- The Washington Times - Wednesday, November 23, 2005

The Greenbrier resort in White Sulphur Springs, W.Va., has symbolized the ideal retreat for more than two centuries. It’s a place where celebrities and politicians relax in peace.

Blending sophisticated resort services and elegant dining with a rural setting meant for long solitary walks, riding horses, skiing, fly-fishing, tennis matches and convivial golf games, the Greenbrier atmosphere provides both a sense of tradition and relaxation.

Now visitors to the Greenbrier can choose to own a vacation home or year-round home at the Greenbrier Sporting Club, which will eventually include 500 homesites set into neighborhoods adjacent to the resort.

This gated residential community, under development by Dolan, Pollak & Schram Development Co. LLC and the Greenbrier, was established in 2000, with club operations managed by the Greenbrier Resort and Club Management Co.

Membership in the Greenbrier Sporting Club includes access to the amenities of the Greenbrier resort, along with a members-only golf course, a lodge, an equestrian center, a sports complex and spa. Hotel shuttle service is provided for residents to their homes.

More than 2,000 acres of open space are part of the Greenbrier Sporting Club.

The Snead golf course, designed by Tom Fazio and named for the resort’s long-time golf pro, Sam Snead, features views of the Allegheny Mountains.

Golf Digest Magazine named the Snead one of the “Top Ten Best New Private Golf Courses in America” in 2005.

Members also can play on the three resort golf courses.

The Members Lodge, constructed of local stone and slate with hickory paneling and woodwork inside, includes a two-story stone fireplace in the dining room, which opens onto a terrace.

The adjacent sports complex includes squash courts, an indoor climbing wall, fitness equipment, an outdoor swimming pool and Har-Tru tennis courts. The members-only spa treatment rooms offer two outdoor porches overlooking White Rock Mountain and the golf course.

The equestrian center features a full-service boarding program for horses as well as making horses available for members to ride the community’s 10 miles of bridle trails.

Riding programs and lessons are also available.

In addition to golf, tennis, swimming and horseback riding, outdoor activities include fly-fishing, skiing, snowshoeing, archery, hiking, trout fishing, bird-watching, white-water rafting and sporting clays.

Homes in the Greenbrier Sporting Club will feature a variety of styles that complement the architectural heritage of the community, including custom estates, mountain cottages with fieldstone chimneys and traditional white clapboard homes along the golf course.

An architectural review board determines the compatibility of the custom designs with the other homes in the development.

Fifteen neighborhoods have been created at the Greenbrier Sporting Club, including Traveller’s Hill, named after Confederate Gen. Robert E. Lee’s horse, sited above the equestrian center.

This community includes 1-acre sites with views of the golf course, lakes and mountains.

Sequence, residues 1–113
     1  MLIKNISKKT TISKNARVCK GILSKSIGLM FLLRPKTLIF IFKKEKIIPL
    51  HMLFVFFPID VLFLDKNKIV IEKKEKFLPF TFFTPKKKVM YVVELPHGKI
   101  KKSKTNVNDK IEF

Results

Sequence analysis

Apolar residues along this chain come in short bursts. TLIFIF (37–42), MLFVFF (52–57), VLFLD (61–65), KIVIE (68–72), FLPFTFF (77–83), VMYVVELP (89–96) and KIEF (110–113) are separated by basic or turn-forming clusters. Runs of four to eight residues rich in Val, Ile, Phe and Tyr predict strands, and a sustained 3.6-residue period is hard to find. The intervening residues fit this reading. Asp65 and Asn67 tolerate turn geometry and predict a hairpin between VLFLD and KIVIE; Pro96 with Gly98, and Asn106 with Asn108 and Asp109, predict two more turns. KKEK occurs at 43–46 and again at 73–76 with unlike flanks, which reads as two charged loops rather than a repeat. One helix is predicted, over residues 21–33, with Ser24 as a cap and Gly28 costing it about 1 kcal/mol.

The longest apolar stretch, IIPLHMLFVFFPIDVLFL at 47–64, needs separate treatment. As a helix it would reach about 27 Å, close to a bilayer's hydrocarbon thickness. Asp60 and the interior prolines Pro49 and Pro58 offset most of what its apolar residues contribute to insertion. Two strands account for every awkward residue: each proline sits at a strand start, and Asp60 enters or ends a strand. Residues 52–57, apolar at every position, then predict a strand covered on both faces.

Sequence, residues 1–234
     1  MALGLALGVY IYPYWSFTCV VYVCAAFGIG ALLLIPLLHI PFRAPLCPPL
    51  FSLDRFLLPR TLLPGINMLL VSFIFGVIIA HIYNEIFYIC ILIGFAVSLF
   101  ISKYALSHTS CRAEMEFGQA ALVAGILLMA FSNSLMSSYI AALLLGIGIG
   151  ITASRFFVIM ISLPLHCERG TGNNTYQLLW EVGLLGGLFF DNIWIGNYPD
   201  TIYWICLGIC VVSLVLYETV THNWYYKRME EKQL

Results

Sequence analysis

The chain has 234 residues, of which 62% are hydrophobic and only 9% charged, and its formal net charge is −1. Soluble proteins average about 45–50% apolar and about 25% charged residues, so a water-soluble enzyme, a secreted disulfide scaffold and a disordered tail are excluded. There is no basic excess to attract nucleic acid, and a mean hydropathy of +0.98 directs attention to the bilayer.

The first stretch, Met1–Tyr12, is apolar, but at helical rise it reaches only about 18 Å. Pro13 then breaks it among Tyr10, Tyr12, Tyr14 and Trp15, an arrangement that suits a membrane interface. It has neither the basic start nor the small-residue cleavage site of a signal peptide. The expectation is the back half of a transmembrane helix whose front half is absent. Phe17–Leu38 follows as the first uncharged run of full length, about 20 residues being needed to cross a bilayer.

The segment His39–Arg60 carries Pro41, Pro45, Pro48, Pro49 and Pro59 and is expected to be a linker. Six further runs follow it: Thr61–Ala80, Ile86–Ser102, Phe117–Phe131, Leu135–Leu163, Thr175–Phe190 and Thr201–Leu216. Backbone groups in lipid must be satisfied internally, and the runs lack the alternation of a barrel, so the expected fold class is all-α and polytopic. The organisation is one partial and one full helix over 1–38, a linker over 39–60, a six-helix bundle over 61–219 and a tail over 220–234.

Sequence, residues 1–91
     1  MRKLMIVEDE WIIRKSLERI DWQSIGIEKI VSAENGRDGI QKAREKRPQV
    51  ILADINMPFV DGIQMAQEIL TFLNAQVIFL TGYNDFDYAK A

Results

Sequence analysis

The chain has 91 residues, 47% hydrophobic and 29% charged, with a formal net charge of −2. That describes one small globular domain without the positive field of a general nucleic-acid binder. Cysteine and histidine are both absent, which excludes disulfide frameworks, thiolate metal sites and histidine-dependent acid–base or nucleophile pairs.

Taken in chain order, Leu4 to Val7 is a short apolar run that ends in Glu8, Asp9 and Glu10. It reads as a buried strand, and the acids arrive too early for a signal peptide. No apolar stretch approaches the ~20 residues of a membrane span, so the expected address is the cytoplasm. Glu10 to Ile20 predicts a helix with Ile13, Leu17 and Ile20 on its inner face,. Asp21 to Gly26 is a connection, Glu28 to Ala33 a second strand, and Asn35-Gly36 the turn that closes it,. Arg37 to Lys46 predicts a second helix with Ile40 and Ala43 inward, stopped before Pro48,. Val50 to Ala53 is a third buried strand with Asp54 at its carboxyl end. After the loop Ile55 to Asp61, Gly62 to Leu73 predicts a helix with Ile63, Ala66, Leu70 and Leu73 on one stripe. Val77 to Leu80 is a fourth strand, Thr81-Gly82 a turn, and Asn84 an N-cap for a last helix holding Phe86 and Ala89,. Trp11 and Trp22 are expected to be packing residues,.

Several other neighborhoods, including White Sulphur Hill, Springhouse Cottages, Reservoir Hill and Howard’s Creek are located within walking distance of the Greenbrier Hotel and its amenities. Others are adjacent to the members’ lodge and sports complex and spa. Many clusters of homes have been placed along the golf course.

The Greenbrier Summit Village neighborhood on top of Greenbrier Mountain will include its own community swimming pool, an activity barn and a lodge.

Homesites are priced from the $400,000s to more than $2,000,000, and more than 300 have been sold.

More than 90 homes have been completed, some 50 more are under construction, and 30 are undergoing the approval process.

Home prices generally start at $2,000,000, although some are available in the $1,000,000 price range.

The one-time membership fee for the Greenbrier Sporting Club currently is $120,000, with annual club fees currently set at $8,000.

Architect Donald Rattner designed a model home for the Greenbrier Sporting Club, which sold for about $4,000,000, with a blend of wood and stone on the exterior, a steeply pitched roof, deep porches and terraces for outdoor living rooms and an open interior floor plan for easy family gatherings.

At the heart of the home is a great room with a high ceiling, reclaimed oak flooring and a fieldstone fireplace.

An entry porch leads into the entry hall and on into the great room, which has three sets of French doors opening onto the front porch, as well as three sets of French doors on the opposite side of the room opening onto the rear porch.

The main level also includes a library, an office nook between the library and great room, a dining room, a mudroom, two powder rooms and an open kitchen and family room with French doors leading to a screened porch.

Upstairs, the master bedroom includes two sets of French doors leading to a private terrace, separate dressing areas and his-and-hers closets and a separate closet designed for luggage.

The master bath includes a tub with a marble surround placed in front of a window, a large shower and a double-sink vanity. The upper level also has a library nook overlooking the great room and two additional bedrooms that share a bath.

For information about the Greenbrier Sporting Club, call 888/741-8989 or visit www.thegreenbriersportingclub.com.

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